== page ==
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On the road at the ADA Annual Session

Nov. 1, 2013
While at the American Dental Association’s 145th Annual Session that is being held this week in New Orleans, FOCUS Editorial Director Maria Perno Goldie, RDH, MS, shares feedback she received from her review of oral hygiene care for critically ill patients to prevent ventilator-assisted pneumonia that was published in the Oct. 18 issue of FOCUS.

As I write this, I am in New Orleans. The American Dental Association (ADA) is hosting its 154th Annual Session including the Continuing Education Program, World Marketplace Exhibition and House of Delegates at the New Orleans Ernest N. Morial Convention Center Oct. 31- Nov. 3. The Annual Session is the primary event for dentists and dental professionals who are looking for the highest quality, most innovative and effective continuing education to improve patient care. Laissez Les Bon Temps Roulez!!

After reading my article on ventilator-assisted pneumonia, Cindy Kleiman, RDH, BS, Oral Care Consultant and Speaker, send me two articles I wanted to share with you.

One of the articles, of which Cindy is a co-author, introduced the Bedside Oral Exam (BOE) and the Barrow Oral Care Protocol (BOCP) to assist and guide oral care for intensive care unit patients.(1) The secondary goal was to explore quality improvement data for incidence of ventilator associated pneumonia (VAP), cost effectiveness of oral hygiene supplies, and staff response to change in practice. The method was a descriptive case design for implementation and evaluation of oral assessments and oral hygiene. Incidence of VAP and the cost of oral care supplies before and after implementation were compared. Staff responses were obtained both pre- and post-implementation.

The results were positive, with a decrease in VAP, and a cost saving for oral hygiene supplies was realized. Cost-effective, comprehensive oral care seems to be effective in reducing VAP. The authors noted that more studies are needed to measure impact of oral hygiene on oral health and patient comfort.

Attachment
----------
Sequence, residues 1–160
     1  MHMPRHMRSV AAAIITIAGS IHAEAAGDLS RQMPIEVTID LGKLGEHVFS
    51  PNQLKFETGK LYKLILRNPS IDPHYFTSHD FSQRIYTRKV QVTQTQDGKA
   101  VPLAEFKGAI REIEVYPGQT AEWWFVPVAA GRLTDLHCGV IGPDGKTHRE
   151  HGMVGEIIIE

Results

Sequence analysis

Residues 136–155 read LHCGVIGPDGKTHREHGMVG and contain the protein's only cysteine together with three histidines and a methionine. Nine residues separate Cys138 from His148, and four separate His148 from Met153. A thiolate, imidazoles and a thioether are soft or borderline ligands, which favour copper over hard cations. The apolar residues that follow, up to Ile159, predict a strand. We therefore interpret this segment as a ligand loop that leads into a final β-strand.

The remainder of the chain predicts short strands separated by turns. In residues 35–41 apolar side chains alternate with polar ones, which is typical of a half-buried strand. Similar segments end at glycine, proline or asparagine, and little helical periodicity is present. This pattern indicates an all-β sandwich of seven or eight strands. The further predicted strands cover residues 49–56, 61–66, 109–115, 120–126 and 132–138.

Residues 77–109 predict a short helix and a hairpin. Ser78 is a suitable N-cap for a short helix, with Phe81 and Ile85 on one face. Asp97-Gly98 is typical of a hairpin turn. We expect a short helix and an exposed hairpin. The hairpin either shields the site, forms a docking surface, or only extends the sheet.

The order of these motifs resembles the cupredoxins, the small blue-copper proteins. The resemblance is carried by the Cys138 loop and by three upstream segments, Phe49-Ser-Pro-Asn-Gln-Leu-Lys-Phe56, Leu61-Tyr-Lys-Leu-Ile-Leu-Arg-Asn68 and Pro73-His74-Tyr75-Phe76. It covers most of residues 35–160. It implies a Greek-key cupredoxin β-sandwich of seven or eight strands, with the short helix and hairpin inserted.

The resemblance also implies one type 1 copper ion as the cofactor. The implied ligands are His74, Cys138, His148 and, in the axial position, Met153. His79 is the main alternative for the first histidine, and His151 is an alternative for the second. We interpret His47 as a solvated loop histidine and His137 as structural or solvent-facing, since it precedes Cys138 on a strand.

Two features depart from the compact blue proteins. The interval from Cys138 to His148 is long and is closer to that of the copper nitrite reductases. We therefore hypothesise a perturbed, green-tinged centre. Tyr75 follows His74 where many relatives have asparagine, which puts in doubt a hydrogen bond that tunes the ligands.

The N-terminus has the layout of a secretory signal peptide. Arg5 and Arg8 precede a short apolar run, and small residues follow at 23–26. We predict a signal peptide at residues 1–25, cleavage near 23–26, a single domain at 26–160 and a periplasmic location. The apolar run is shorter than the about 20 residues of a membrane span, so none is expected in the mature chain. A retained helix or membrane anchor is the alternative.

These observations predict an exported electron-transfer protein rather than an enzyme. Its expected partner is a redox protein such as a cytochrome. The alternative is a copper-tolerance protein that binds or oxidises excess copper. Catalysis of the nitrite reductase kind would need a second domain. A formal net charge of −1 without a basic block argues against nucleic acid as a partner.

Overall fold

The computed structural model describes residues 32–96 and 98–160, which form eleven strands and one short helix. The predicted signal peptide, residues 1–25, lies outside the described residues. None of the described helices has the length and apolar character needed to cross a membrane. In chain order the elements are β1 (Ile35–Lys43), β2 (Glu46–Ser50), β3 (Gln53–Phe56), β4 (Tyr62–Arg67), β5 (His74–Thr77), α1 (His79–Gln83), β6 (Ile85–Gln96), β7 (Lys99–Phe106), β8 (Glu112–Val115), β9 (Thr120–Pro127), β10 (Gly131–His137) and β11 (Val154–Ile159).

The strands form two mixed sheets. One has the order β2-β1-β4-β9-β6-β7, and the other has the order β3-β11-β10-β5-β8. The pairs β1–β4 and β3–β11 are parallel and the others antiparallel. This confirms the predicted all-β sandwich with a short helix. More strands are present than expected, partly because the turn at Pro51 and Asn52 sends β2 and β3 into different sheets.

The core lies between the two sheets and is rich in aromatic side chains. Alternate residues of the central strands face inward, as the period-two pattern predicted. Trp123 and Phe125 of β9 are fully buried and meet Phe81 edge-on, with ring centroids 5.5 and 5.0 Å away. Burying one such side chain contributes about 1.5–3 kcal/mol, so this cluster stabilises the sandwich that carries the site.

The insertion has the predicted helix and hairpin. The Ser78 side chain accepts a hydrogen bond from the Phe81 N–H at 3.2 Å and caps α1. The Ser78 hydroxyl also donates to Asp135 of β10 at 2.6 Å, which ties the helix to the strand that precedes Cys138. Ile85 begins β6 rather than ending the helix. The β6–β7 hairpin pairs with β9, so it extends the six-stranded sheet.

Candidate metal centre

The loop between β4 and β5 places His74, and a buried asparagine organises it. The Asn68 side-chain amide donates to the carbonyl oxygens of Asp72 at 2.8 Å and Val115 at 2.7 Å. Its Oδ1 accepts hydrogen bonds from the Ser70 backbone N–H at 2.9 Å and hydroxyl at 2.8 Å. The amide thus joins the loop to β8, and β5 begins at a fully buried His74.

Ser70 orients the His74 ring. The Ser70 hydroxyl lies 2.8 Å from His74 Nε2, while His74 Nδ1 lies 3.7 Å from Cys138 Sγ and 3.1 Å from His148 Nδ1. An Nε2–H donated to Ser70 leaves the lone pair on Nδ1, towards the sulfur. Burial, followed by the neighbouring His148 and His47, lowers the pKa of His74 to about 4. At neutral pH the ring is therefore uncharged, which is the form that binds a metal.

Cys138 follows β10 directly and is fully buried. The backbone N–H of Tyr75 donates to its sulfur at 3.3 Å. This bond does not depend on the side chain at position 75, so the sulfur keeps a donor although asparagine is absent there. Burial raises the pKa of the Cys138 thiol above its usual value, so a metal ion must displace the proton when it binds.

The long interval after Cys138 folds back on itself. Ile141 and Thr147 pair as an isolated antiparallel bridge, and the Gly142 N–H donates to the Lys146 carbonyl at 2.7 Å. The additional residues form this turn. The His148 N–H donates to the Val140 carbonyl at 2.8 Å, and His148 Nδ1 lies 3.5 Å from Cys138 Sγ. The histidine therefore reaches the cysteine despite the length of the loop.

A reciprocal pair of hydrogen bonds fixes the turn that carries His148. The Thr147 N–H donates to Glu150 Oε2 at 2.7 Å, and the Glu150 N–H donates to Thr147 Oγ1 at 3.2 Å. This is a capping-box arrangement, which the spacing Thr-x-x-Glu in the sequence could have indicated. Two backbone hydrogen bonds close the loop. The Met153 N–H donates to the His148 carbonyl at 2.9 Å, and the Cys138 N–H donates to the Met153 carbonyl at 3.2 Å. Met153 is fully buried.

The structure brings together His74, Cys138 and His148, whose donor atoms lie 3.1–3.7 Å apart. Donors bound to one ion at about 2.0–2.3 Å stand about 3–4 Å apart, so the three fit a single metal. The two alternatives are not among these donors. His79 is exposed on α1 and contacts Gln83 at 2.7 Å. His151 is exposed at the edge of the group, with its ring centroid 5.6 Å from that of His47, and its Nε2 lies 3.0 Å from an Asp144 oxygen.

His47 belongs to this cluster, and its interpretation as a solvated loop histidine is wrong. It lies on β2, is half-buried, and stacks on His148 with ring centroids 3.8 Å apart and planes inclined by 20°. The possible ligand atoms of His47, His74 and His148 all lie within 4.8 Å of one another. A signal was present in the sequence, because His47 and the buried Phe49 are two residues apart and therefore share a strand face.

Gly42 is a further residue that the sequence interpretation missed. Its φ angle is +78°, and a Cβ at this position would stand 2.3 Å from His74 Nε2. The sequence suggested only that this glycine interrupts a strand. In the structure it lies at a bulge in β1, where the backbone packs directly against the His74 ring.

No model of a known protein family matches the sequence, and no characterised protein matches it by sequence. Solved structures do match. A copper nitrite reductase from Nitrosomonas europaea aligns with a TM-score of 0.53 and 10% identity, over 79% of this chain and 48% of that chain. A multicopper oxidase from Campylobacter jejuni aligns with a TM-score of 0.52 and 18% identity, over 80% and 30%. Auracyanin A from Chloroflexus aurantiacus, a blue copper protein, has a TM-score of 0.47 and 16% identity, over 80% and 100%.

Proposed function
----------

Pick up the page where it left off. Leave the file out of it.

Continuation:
An earlier study compared changes in oral health during intubation until 48 hours after extubation in neuroscience intensive care unit (ICU) patients enrolled in a standard or a comprehensive oral care protocol.(2) The effects of manual toothbrushing were compared with those of tongue scraping, electric toothbrushing, and moisturizing in intubated patients in a neuroscience ICU in a 2-year randomized clinical trial.
Oral health was evaluated based on the Oral Assessment Guide (OAG).

The results showed that a comprehensive oral care protocol, using a tongue scraper, an electrical toothbrush, and pharmacological moisturizers, was more effective for oral hygiene throughout intubation and after extubation, than manual toothbrushing alone. Read the article to see the details of the intervention.

1. Prendergast V, Kleiman C, King M. The Bedside Oral Exam and the Barrow Oral Care Protocol: Translating evidence-based oral care into practice. Intensive and Critical Care Nursing, Volume 29, Issue 5, Pages 282-290, October 2013.
2. Prendergast V, Jakobsson U, Renver St, and Hallberg IR. Effects of a Standard Versus Comprehensive Oral Care Protocol Among Intubated Neuroscience ICU Patients: Results of a Randomized Controlled Trial. Journal of Neuroscience Nursing, Volume 44, No 3, p. 134-146. June 2012.


Maria Perno Goldie, RDH, MS

To read previous RDH eVillage FOCUS introductions by Maria Perno Goldie, click here.

To read more about the ADA and dental hygiene, click here.